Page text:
Moody’s BAA rating for corporate bonds is roughly equivalent to S&P’s BBB rating. Bonds with this rating are considered “investment grade,” albeit at the low end of the investment grade range. Since they are neither ultra-high quality (i.e. U.S. Treasuries, or Aaa/AAA rated corporate bonds), or junk (i.e. below investment grade), these types of bonds can provide some valuable insights into investors’ baseline risk appetite. Note that since 1994 BAA yields have been generally declining, save for periodic bouts of risk-aversion (including the “grand daddy” of all risk-off periods that occurred in 2008). Although Treasury yields been rising since 2016, BAA yields have declined over the same period. This is probably due to investors’ perceptions that recession risks are modest, which have caused yield spreads to compress to multi-year lows.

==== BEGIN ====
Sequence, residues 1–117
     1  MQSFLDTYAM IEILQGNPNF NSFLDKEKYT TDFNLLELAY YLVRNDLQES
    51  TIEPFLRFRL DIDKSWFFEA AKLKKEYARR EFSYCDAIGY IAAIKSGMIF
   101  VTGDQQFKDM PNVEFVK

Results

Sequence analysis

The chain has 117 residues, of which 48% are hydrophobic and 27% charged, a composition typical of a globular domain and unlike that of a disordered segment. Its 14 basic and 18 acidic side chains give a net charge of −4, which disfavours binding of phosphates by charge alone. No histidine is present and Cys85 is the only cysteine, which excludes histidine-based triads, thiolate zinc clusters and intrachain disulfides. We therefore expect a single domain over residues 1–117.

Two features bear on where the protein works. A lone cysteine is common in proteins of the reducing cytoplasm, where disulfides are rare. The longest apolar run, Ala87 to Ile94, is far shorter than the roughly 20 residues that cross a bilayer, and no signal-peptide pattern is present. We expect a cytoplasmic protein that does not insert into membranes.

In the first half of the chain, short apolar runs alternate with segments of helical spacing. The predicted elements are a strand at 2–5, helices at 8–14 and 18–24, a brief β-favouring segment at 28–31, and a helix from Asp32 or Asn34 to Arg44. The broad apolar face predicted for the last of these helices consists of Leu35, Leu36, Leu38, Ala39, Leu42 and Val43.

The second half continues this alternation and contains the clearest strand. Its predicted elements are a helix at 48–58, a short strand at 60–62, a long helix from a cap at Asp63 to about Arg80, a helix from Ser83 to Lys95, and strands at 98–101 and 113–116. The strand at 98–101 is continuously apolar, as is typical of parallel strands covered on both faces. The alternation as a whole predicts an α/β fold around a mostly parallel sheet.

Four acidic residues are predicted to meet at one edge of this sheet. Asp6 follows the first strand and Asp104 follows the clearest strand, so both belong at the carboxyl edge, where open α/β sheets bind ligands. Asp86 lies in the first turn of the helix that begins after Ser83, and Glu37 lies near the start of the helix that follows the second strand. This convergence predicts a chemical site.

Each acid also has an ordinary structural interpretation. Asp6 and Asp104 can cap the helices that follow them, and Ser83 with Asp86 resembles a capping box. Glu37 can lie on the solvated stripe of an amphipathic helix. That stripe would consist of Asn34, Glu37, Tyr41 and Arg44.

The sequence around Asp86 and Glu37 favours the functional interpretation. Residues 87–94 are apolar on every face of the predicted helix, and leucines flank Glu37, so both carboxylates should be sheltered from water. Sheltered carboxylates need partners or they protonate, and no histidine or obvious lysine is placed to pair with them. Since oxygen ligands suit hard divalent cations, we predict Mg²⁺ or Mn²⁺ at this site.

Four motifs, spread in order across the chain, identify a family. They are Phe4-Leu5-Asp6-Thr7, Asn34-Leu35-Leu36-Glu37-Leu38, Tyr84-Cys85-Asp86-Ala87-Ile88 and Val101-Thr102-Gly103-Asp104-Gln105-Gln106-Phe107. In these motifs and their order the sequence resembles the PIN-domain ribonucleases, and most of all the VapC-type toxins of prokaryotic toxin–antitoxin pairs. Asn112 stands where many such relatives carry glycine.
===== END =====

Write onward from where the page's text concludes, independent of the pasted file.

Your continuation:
With 10-year Treasury yields now inching closer to the psychologically-important 3% level (2.726% as of this writing), it is possible that the long-term trend for interest rates may be changing. Some pundits believe that there will be upward pressure on bond yields as the global economy continues to accelerate and inflationary pressures build. Assuming these “bond bears” are correct, what are the implications for stocks? This graph may provide some clues. Here we compare the stock performance of more high- and low-debt companies during periods of rising and declining BAA yields. Note that stocks tend to better overall when yields are declining (red bars). However, when BAA yields are on the rise, investors clearly prefer companies with less debt on their balance sheets. In fact, the least-indebted companies outperformed the most heavily-indebted companies by almost 1000 basis points during periods when BAA yields were rising.